The iPhone is an amazing device that simplifies previously clumsy mobile features in an elegant package. But if you want to dive past Apple’s sparse instruction manual, and especially if you’re looking to hack your phone, you’ll need to learn a few terms.
If there’s an activity that could unequivocally be described as low-tech, meditation is it. All it consists of, after all, is sitting quietly as you clear your mind and concentrate on nothingness. Believe it or not, however, your Apple tech can help you on your journey toward nothingness—or “mindfulness” as practitioners prefer to call it. But before we detail the specific Mac- and iPod-based meditation tools, here’s a short introduction to the concepts involved.
Caffe Mac—legend or fact? Does this Shangri-la of no-compromise corporate consumables actually exist? And if Caffe Mac does exist, does its menu roundly trump the “food” we Mac|Life staffers must hunt and gather within the hostile-to-haute-cuisine hinterlands of our own corporate HQ? I was intent on answering these questions during a recent trip to One Infinite Loop. Read on for the full scoop—and don’t miss my paparazzi shots of The Steve!
Shooting RAW digital photos gives you the most image data possible, enabling you to reinvent your image-editing process.
Mention “digital photography” and no two people will think of exactly the same thing. For many, it may be an idea as simple as using a point-and-shoot camera to run around taking endless snaps until space on the flash memory card runs out. A quick trip to the computer to offload and they’re back in the game. While some are content with this state of affairs, others are ready to take the next step to greater photographic enlightenment, which isn’t a huge leap. And because experimentation costs you nothing—you can learn about digital photography without the expense of burning through endless rolls of film—today‘s digital cameras make the critical, and highly educational, trial-and-error process much more accessible and enjoyable.
Do you really need an iPhone 3G? We give you 5 reasons it’s the world’s best cell phone—and 5 reasons to wait to buy one or just keep rocking your 2G iPhone.
We admit it—after hearing Steve Jobs’s keynote at the Worldwide Developers Conference on June 9, we all wanted an iPhone 3G. Badly. There’s plenty to like about the iPhone’s second coming, but we wouldn’t be doing our jobs if we didn’t show you both sides of Apple’s newest smartphone, the good and the bad. In fact, the original working title of this article was “10 Reasons You Need an iPhone Now,” but in researching the story, we couldn’t look past the device’s clear downsides.
So in the spirit of the proverbial angel and devil that sit on either shoulder when you’re weighing a decision, we present both the good and the bad news about the iPhone 3G, so you can you make the most informed choice possible.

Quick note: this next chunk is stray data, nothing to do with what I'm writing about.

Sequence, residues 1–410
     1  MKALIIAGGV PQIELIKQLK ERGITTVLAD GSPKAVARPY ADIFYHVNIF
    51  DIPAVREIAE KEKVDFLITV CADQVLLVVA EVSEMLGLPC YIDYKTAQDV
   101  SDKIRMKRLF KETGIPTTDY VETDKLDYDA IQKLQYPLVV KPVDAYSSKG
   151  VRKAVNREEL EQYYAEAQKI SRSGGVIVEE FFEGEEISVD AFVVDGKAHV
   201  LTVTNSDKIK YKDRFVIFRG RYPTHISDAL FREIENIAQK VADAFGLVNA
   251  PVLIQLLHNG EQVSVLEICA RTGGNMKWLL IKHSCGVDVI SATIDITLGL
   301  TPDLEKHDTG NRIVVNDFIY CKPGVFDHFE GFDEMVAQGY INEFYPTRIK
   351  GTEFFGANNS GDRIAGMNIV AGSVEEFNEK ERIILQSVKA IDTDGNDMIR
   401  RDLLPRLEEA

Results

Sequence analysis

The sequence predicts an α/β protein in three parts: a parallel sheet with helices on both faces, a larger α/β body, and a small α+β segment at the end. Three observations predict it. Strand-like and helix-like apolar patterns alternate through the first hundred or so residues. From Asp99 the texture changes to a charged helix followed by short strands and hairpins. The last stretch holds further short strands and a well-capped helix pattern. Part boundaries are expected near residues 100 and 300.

They weren’t on a mission of redemption like the USA Basketball team. They don’t have eight gold medals like Michael Phelps. They didn’t break any world records. And they won’t be getting a Speedo endorsement any time soon.
But Apple’s Executive Board members had plenty of reasons to high-five during the Games of XXIX Olympiad: Like each time Microsoft spokesman Lebron James, or Yao Ming, or any of the 11,000 other athletes from around the world was shown listening to an iPod before an event. Or whenever a broadcaster waxed intellectual about Phelps’ pre-swim playlist. Or when Dwight Howard was photographed downloading an app onto his iPhone. (Not so much when a duct-taped MacBook Pro made an appearance, but you can’t win 'em all.)
So we started thinking: What if Apple’s Executive Board, rather than its products, were the stars of the Beijing Olympic Games? What events would they participate in? Who would win gold?
Pro racer Brian Vickers explores the NASCAR-Mac connection.
Make your way through the mullets and deep-fried turkey legs, and then swing a left at the John Deere hats and six-packs of Coors. Now go past the Kenny Chesney CDs and all the NRA bumper stickers. Do you see suddenly familiar terrain? You’ve just left the world of uninformed, outdated NASCAR clichés. You’re now in the real world—and, look, there’s Brian Vickers, typing away furiously on his MacBook Pro.
Vickers drives for the Red Bull Racing Team in the Sprint Cup Series, the big league of NASCAR competition. He fits neither the NASCAR stereotype (Ricky Bobby) nor the Mac user stereotype (latte-sipping emo hipster), but he somehow manages to integrate his love of Apple technology (he’s an avid Mac|Life reader!) with his racing team duties at nearly every turn.
Vacation season is winding down. Some will be heading back to school. Others, will head back to work. Back to the cruel, harsh world we go. A world populated by PC users who believe that Windows rocks and think that harping on and on about it, will make that deluded dream come true.
We know it won’t of course, that’s why we’ve created our list of reasons why those people should shut their pie-hole. Check it out after the jump.
Justin Long does Apple’s masculinity quotient no favors—and he’s just one of many somewhat, well, “precious” expressions of the Apple brand. Now, we love Apple just as much as you do, but there’s no escaping the fact that a broad cross-section of Americans associate Apple products with rampant artsy-fartsyism. In other words: Apple says VW Beetle, not Chevy Camaro. Apple says miso-glazed sea bass, not double-bacon cheeseburger. Apple says Moby, not the Crüe.